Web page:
"Itt is hhere. Itt is here because it is always here. Because it wwants to be here."

As they talk Mary inches toward the door, trying to get a look at Kevin to see if he's tied up or otherwise in danger. She can't imagine him choosing to sit up all night and talk with The Self rather than come to bed with her, and she knows the risk of being seen, but for Kevin she's willing to risk it.

Closer to the door. Closer. Another inch.

"They'll resist you," Kevin says.

"Theyy always do."



“They have weapons.”

“We arre weapons.”

Silently, almost there.

"I can help you."

Mary stops moving. She can feel her heart break, and she clutches at it as if trying to hold it together, like a cardboard box in her arms come apart at the seams, insides spilling to the floor. She can't believe what she's just heard, let alone from anyone but especially from the lips of her husband. Her Kevin, the gentle man she married, offering to help something which is down to its very atoms pure evil.

Her face falls apart. She doesn't hear another word, neither from Kevin nor the monster that has destroyed her. Quiet, numb, she retreats to her bedroom, this time locking the door behind her.

Back in the computer room, Kevin, wrapped in a cloak of putrescence, no longer needs to look at the screen to see it. His eyes are The Self, and they look from all corners of the room, tapping their fingertails in ancient Morse code to tell him what they see with their thousand, articulated snail's eyes stuck to the walls and ceiling, cilia waving in the wind. Thick skin tubes and vein wires flow from his neck to pass along what he learns.

The Self is learning, with Kevin its translator. Its filter.

A puddle of dark, grainy blood bubbles up from the floorboards behind him. Tiny bones scuttle to it on wispy daddy long legs, rushing to pile on top of one another in two parallel columns, then one large one atop those, up and up until they branch out into two, outstretched arms. The hollow bones at the floor, now vague feet, suck up the hot blood like a straw. At the top, over broad shoulder growth, they blow out the blood in a thick-skinned bubble.

A face forms at the front. "Somethinng will have to be done about her."

Kevin tilts his head in the direction of the bedroom. Through The Self's hidden ears, he can hear her sobbing.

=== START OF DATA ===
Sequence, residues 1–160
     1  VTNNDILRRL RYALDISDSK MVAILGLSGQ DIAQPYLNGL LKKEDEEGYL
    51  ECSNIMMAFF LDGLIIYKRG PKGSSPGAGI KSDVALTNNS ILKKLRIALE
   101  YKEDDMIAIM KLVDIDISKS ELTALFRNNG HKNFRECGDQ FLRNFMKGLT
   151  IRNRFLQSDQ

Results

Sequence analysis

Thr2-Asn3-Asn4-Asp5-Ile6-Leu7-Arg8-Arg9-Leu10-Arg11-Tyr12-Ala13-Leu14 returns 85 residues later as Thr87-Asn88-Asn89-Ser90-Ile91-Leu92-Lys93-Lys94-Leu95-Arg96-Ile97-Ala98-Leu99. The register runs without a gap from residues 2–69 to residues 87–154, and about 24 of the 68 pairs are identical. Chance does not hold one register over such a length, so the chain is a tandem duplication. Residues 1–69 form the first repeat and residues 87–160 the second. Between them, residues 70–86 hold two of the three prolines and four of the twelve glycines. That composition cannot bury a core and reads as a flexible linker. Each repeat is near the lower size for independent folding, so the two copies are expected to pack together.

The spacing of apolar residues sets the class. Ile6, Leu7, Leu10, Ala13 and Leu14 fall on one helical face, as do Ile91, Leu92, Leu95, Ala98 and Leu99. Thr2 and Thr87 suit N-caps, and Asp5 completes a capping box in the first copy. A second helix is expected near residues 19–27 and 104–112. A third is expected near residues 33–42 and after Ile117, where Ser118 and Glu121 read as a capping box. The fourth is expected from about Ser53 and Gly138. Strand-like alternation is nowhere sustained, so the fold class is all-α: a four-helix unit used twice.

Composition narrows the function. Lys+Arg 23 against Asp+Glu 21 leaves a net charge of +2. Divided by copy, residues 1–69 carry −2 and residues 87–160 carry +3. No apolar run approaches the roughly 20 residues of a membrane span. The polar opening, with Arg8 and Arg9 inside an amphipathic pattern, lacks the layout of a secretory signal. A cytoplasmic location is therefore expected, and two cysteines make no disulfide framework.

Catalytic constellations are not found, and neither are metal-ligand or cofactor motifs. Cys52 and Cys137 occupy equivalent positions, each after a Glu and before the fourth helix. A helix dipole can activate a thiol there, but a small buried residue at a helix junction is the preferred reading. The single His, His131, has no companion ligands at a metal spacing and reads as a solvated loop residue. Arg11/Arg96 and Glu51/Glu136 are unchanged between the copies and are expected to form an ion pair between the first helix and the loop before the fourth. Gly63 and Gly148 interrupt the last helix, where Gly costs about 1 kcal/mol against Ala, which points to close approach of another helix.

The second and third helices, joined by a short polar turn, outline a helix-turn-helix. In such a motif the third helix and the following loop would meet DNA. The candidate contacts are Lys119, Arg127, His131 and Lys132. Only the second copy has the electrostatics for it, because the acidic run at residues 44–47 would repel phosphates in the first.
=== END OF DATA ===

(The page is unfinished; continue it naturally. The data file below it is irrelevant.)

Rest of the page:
"Leave her to me," he says, and gets back to work.






The front door opens one inch at a time, the hand that works it hesitant to let the morning sun push through the open space. Way too bright and way too eager, it lights up the one, squinted, bloodshot eye of Franklin Butcher.

There was a time, long gone now, when this was his favorite time of the day. These days, the mornings hurt. They hurt like Hell.

With the hood of his gray sweatshirt pulled up, Butcher sets out into the blinding light. He has another walk ahead of him- luckily he can recall enough of last night to remember where he left the cruiser.

Except he remembers more than the cruiser. He remembers the house, too. He remembers what he saw.

As Butcher walks along the side of the road, careful to stay in the dirt in case a car comes tearing around the bend, he has the vague sensation of a memory coming to the surface. It's the feeling of a half-remembered dream, something in the back of his mind that could have happened just as much as it could be a false memory; the brain remembering its own fiction. With the nights and dreams that follow a drink or seven, he knows either is possible, and he's learned to deal with deja-vu as someone might deal with a worn-down shoelace that keeps coming untied.

Except this time it's more vivid than most. The images come in flashes. After a bit he understands why the feeling is so pronounced: the dream was about the very road he's walking on. It makes sense- this road was the last thing he saw before he got home and passed out on the couch- but the memories have a chaotic sense about them. The road whipped back and forth, shaken like a wolf’s kill.

Ten minutes into his walk he comes to where the long driveway of a nearby widow meets the road. At the bottom, near the edge of the browned grass, a black mailbox lays on the ground. The post is snapped in two. The bottom half juts loosely from the earth another five feet further along.

“Hit-and-run,” he says to no one, though he doesn’t believe it himself- the dirt shows no tire marks for starters, and a car tends to spread the debris out as it bounces along and veers back onto the road. His instincts, always those of a cop first, are to alert the homeowner to the damage and ask if she wants to file a report, but he drops the idea when he thinks of explaining himself to Sheriff Green. Why he was out for a jog when he should have been driving to work. Why he parked so far from the scene. Why, why, why.

A flash. A mental image of a mailbox, this mailbox but in a dream, the ghosted image of it in his hands, gripped by the broken post. He looks up from it and into a blur, darkness moving in darkness, an aggressive presence. His ghost hands swing the ghost weapon and the blob of shadow backs away, then rushes forward on thick, black legs.

BOOK: Shallow Veins (The Obscured Book 1)
10.87Mb size Format: txt, pdf, ePub